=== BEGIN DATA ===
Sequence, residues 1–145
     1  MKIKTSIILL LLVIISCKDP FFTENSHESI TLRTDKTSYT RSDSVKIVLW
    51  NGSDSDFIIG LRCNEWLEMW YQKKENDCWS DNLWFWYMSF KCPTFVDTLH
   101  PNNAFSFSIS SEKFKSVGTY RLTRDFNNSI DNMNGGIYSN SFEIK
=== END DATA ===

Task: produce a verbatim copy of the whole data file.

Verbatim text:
Sequence, residues 1–145
     1  MKIKTSIILL LLVIISCKDP FFTENSHESI TLRTDKTSYT RSDSVKIVLW
    51  NGSDSDFIIG LRCNEWLEMW YQKKENDCWS DNLWFWYMSF KCPTFVDTLH
   101  PNNAFSFSIS SEKFKSVGTY RLTRDFNNSI DNMNGGIYSN SFEIK